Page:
June 18, 2006
June 18, 2006
June 21, 2006
Ocean and Marine
11.1005.1 - 11.1005.6
2006-2631: Practical Design of Wharf Extension in South Carolina
Abstract Criterion 3 of ABET 2004-2005 Criteria for Accrediting Engineering Programs requires that all engineering programs seeking accreditation manifest that their graduates have an ability to “function on multidisciplinary teams.” Students should be able to serve as both a team leader and a contributing member of a design team. This paper presents a case study of one heavy marine structure in the Georgetown, South Carolina. Heavy marine structures typically involve large and unusual loads from cranes, ships, and cargo; generally are supported upon weak and sloped soils; and usually require significant design considerations for marine and coastal environments including corrosive conditions. Marine structures provide for excellent classroom case studies because they inherently require multidisciplinary evaluation and site specific engineering solutions.
Introduction This paper discusses practical design considerations for a heavy marine structure in South Carolina. As an example, it uses one project from the South Carolina State Ports Authority. The project is the extension of a commercial break bulk cargo wharf at the Georgetown Terminal in Georgetown, SC,
The South Carolina State Ports Authority (Ports Authority) operates six waterfront sites that handle containerized cargo, bulk cargo and break-bulk cargo. As a container port, Charleston generally ranks fourth in the U.S. in terms of containerized cargo volume. This is done through four terminal sites located in the Charleston, South Carolina area. The South Carolina State Ports Authority also operates two smaller bulk and break-bulk ports located in Port Royal, South Carolina and Georgetown, South Carolina.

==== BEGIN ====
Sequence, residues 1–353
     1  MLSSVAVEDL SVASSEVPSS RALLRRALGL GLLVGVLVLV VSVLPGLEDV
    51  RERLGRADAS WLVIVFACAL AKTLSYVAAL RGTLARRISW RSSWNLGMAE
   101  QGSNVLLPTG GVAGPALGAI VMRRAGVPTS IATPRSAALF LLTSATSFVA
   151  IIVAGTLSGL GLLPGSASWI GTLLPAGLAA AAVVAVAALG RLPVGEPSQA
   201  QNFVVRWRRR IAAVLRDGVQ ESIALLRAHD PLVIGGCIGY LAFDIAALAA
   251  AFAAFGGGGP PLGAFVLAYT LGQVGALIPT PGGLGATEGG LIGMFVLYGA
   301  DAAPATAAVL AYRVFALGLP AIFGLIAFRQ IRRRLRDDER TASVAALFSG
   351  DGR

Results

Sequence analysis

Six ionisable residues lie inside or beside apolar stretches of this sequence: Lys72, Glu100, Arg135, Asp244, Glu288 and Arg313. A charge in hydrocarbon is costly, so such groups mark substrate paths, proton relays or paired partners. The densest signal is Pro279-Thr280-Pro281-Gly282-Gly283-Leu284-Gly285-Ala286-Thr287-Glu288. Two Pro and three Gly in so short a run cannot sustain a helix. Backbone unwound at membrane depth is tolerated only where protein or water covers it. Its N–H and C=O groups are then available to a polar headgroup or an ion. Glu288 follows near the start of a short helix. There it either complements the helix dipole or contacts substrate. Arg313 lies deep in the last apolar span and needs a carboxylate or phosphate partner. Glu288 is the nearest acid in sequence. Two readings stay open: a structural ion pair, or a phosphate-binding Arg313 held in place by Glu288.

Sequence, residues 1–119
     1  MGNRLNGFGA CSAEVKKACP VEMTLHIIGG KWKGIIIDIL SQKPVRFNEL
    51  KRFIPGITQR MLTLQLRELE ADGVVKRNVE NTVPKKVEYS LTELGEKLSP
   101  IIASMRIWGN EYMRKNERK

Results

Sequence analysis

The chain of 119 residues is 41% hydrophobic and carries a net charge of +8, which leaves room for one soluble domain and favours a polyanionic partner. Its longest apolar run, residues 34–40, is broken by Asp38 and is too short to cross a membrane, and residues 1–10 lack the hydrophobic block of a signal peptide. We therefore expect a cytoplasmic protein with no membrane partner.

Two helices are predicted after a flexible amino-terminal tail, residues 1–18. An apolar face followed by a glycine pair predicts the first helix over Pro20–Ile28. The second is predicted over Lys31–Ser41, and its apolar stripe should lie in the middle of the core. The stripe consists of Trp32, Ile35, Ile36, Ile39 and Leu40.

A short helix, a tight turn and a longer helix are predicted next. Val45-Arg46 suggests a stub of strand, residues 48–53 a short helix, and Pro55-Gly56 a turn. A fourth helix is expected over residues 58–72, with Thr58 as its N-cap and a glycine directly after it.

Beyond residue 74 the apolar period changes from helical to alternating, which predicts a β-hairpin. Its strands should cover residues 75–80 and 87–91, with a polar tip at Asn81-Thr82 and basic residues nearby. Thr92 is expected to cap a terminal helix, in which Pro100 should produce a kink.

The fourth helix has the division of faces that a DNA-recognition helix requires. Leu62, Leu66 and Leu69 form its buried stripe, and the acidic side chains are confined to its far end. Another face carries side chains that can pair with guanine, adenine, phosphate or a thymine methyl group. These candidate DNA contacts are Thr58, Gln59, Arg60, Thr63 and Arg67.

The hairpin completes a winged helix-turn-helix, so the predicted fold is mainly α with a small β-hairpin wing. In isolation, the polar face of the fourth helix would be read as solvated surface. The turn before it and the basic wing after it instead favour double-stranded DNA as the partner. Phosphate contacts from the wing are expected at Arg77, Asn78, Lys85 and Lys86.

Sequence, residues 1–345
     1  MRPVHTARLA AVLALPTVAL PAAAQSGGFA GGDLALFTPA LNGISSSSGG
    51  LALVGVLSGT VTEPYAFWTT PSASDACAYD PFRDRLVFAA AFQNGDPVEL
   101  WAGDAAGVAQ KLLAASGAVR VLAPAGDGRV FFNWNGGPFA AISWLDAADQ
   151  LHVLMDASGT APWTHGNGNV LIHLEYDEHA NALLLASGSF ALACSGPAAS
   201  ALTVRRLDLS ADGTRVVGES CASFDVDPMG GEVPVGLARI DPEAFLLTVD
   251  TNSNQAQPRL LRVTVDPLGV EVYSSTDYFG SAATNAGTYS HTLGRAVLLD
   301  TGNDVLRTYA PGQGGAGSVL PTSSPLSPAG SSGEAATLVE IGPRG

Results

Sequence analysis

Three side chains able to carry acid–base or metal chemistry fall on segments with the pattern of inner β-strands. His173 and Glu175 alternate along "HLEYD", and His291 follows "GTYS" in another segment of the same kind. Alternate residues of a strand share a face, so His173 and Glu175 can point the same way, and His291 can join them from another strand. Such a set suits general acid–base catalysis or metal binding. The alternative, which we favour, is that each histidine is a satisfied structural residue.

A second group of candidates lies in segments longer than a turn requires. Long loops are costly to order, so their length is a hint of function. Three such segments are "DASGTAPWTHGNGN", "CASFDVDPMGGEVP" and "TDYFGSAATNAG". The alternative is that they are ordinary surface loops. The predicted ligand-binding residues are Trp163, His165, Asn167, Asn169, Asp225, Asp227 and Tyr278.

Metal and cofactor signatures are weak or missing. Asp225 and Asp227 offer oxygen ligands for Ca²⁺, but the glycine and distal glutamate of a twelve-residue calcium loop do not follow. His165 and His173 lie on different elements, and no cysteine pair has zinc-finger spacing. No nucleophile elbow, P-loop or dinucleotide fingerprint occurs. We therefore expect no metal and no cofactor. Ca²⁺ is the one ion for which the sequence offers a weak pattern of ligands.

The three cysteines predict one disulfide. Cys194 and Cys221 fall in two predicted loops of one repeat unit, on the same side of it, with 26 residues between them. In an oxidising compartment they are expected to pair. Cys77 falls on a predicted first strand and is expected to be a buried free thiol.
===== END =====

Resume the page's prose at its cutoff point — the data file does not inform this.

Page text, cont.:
Wharf Extension of the Georgetown Terminal The Georgetown Terminal is a dedicated breakbulk and bulk cargo facility. The top commodities are steel, salt, cement, aggregates and forest products. Pier 31 C at the Georgetown Terminal is a 500-foot wharf. Ships calling on this facility were routinely exceeding this 500 foot length and often required moving the ship to allow full access for unloading and loading cargo. These multiple ship moves increased the cost of unloading due to additional tug assist time during the multiple moves and additional time in-port to unload. To accommodate these larger ship sizes, the Ports Authority desired to extend the existing wharf from 500-feet to 600- feet.
“Proceedings of the 2006 American Society for Engineering Education annual Conference & Exposition Copyright © 2006, American Society for Engineering Education”
Dullanty, R. (2006, June), Practical Design Of Wharf Extension In South Carolina Paper presented at 2006 Annual Conference & Exposition, Chicago, Illinois. 10.18260/1-2--1441
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